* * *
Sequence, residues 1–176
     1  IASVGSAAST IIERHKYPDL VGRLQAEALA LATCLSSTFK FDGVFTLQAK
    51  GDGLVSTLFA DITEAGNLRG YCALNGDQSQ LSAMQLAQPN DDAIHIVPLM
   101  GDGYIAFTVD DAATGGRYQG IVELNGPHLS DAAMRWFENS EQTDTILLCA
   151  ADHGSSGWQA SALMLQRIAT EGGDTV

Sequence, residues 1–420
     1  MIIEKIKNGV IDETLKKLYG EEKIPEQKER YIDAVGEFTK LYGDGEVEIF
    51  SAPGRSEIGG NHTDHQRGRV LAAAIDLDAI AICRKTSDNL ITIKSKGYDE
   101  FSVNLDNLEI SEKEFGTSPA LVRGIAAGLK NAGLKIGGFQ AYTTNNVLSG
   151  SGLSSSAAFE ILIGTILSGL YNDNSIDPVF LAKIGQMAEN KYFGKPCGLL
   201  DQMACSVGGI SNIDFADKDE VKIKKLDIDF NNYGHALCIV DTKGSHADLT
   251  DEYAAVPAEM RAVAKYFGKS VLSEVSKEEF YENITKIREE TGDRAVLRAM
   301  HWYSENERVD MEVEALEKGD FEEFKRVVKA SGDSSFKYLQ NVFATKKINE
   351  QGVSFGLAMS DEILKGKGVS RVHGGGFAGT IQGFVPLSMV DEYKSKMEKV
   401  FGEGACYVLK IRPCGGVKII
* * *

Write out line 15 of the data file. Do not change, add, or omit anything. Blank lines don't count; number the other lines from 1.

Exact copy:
   401  FGEGACYVLK IRPCGGVKII